The Danger of Driving Earmarks Underground


The conservative war on earmarks succeeded this month in obstructing the Democrats’ omnibus spending billa $1.1 trillion package full of lawmaker-designated spending on pet projects. But even at the height of their renewed anti-earmark crusade, Republicans have been lobbying for exceptions to their proposed ban: Even tea party hero Rep. Michele Bachmann (R-Minn.), for instance, argued that transportation projects should be exempt. In fact, there are a whole slew of workarounds to an earmark ban that could have some undesireable consequences. My colleague Siddhartha Mahanta flags a New York Times story explaining how legislators can quietly lobby federal agencies to funnel spending to pet projects through letters and phone callspractices cutely known as “lettermarking” and “phonemarking.”

The earmark loopholes are reminscent of what’s happened in Washington since Democrats imposed greater restrictions on lobbying. Rather than reduce lobbying, the new regulations simply drove a lot of activity underground: Official lobbyists have deregistered in droves, so their meetings with legislators don’t have to be subject to the same degree of scrutiny. Instead of meeting with officials at the White House, where their visits must be logged, lobbyists have schmoozed with policymakers over lattes at the coffee shop across the street.

Likewise, the earmarks workarounds are largely invisible, eluding public scrutiny and accountability: as the Times reveals, Sen. Mark Kirk (R-Ill.) sent a letter lobbying the Department of Education to designate funds for a school back home even as he railed against earmarks and federal stimulus spending. So you have a system in which lobbyists can push for pork-barrel spending, and legislators can work to fulfill such requests—both without having to be scrutinized.

As such loopholes are brought to light, it will be even harder for anti-earmark Republicans to dodge charges of hypocrisy. (Lawmakers like Sen. John Cornyn (R-Tex.) have already been accused of as much, having lobbied to include some of the very earmarks in the omnibus spending bill he’s attacked.) What’s more, conservatives have also begun to fear that giving up congressionally designated earmarks will end up ceding too much control over spending decisions to the executive branch. In the end, it’s probably just a matter of time before earmarks lose their stigma and the conservative crusade against the practice wanes once again.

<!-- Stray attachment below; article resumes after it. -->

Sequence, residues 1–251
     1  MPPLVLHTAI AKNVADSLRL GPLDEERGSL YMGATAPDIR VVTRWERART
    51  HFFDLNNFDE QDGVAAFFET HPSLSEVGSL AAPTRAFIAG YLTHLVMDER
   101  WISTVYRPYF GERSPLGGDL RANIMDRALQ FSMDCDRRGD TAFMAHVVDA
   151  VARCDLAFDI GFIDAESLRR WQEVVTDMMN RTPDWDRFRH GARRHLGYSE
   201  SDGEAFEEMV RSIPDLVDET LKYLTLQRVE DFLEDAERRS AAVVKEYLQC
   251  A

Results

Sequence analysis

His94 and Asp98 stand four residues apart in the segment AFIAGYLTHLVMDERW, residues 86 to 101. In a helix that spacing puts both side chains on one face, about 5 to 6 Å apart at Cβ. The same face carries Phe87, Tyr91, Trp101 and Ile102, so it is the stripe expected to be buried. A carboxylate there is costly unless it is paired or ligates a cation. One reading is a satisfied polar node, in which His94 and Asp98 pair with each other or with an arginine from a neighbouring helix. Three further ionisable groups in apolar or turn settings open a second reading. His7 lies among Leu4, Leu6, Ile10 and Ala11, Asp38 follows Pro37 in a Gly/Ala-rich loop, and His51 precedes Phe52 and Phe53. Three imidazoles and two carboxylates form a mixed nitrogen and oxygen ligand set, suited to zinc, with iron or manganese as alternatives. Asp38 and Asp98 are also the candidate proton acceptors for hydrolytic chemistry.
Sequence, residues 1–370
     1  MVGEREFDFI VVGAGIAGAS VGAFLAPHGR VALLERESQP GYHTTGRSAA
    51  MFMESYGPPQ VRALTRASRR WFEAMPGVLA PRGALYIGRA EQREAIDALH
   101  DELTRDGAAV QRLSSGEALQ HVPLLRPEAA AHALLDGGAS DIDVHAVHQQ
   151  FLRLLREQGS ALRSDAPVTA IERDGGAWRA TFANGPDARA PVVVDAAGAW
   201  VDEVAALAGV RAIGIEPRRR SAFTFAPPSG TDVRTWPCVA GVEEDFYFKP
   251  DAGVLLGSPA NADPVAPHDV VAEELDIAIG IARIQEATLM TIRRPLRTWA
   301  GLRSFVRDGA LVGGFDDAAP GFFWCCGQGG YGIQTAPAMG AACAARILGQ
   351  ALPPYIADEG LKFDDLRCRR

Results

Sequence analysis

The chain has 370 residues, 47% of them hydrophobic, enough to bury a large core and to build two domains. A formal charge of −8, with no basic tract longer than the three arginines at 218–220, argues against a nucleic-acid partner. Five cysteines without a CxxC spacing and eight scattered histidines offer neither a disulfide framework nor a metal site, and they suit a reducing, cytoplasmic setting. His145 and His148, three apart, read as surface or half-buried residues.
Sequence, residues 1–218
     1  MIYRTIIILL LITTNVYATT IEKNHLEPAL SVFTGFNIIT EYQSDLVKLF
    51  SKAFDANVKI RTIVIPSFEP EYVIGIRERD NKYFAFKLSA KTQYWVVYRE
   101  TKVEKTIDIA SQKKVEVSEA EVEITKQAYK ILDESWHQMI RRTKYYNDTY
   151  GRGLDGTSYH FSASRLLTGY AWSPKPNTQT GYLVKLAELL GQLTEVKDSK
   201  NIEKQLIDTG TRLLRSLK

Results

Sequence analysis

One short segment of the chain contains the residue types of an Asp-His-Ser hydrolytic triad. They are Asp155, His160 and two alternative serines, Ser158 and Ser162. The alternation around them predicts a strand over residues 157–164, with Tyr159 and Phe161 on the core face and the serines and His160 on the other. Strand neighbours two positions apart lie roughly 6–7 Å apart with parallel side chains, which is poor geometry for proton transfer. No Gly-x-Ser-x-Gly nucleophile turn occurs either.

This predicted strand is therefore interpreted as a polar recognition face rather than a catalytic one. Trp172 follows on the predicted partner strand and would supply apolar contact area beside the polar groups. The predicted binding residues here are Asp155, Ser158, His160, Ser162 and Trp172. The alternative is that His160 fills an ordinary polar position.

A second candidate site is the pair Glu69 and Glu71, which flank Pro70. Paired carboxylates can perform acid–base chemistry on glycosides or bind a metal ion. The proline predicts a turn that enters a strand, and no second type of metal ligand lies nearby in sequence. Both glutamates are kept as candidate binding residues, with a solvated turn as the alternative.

*Update: Post has been truncated from original.

DOES IT FEEL LIKE POLITICS IS AT A BREAKING POINT?

Headshot of Editor in Chief of Mother Jones, Clara Jeffery

It sure feels that way to me, and here at Mother Jones, we’ve been thinking a lot about what journalism needs to do differently, and how we can have the biggest impact.

We kept coming back to one word: corruption. Democracy and the rule of law being undermined by those with wealth and power for their own gain. So we're launching an ambitious Mother Jones Corruption Project to do deep, time-intensive reporting on systemic corruption, and asking the MoJo community to help crowdfund it.

We aim to hire, build a team, and give them the time and space needed to understand how we got here and how we might get out. We want to dig into the forces and decisions that have allowed massive conflicts of interest, influence peddling, and win-at-all-costs politics to flourish.

It's unlike anything we've done, and we have seed funding to get started, but we're looking to raise $500,000 from readers by July when we'll be making key budgeting decisions—and the more resources we have by then, the deeper we can dig. If our plan sounds good to you, please help kickstart it with a tax-deductible donation today.

Thanks for reading—whether or not you can pitch in today, or ever, I'm glad you're with us.

Signed by Clara Jeffery

Clara Jeffery, Editor-in-Chief

We Recommend

Latest

Sign up for our newsletters

Subscribe and we'll send Mother Jones straight to your inbox.

Get our award-winning magazine

Save big on a full year of investigations, ideas, and insights.

Subscribe

Support our journalism

Help Mother Jones' reporters dig deep with a tax-deductible donation.

Donate

Share your feedback: We’re planning to launch a new version of the comments section. Help us test it.